Darryl Kirk in Western Australia is getting on well with his Norton 750 Interstate project, but upon lifting the head he was disappointed to find that the barrel is rough and already out to its maximum plus 40 oversize. He can’t find a replacement and his local rebore specialist is not keen to sleeve the cylinder, as these have a reputation for weakness. “I’m hoping the bore will clean up with a hone,” says Darryl, “but if not, have you any suggestions?”
Sleeving can be risky, because manufacturers don’t always make castings thicker than needed for more than a couple of rebores, so the cylinder can end up thin enough to break free from the base flange. Ashley at Andover Norton tells me that their new cylinders are the stronger, 850-type though-bolted barrels which fit early 750s with a conversion kit, and suggested I speak to Norton specialist Norman White about sleeving. Norman confirmed that he’s relined several 750 barrels without problems. The liner must be stepped at the top for security and it’s worth trimming off thin liner remains which could split or flake off.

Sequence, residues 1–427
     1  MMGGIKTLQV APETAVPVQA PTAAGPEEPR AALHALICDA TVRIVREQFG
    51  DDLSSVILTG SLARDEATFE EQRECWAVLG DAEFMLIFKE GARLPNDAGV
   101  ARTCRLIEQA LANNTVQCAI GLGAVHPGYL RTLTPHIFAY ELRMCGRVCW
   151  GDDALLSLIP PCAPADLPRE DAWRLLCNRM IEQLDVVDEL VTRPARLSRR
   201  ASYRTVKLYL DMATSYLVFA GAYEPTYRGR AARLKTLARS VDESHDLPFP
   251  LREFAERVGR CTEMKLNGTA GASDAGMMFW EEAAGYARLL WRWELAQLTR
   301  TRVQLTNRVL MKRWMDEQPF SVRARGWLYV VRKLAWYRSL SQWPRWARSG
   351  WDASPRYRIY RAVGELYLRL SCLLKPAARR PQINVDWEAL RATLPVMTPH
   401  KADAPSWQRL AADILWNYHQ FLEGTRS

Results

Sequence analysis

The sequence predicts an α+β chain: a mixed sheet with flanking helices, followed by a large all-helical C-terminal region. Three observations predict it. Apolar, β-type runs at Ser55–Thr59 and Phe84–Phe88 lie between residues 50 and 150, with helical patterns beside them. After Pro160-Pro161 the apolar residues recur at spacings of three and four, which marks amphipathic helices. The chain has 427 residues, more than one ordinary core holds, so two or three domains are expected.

After racing both his own and Norton’s Commandos, he finds 750 cylinders are fine provided excessive compression wasn’t used – anything over 10.5:1 lost the torque that kept the bike ahead anyway. Norman added that standard 750 barrels can be converted to through-bolts for added strength, but it’s tricky and probably unnecessary on a road bike.
Andover Norton’s replacement barrels feature stronger through-bolt fixing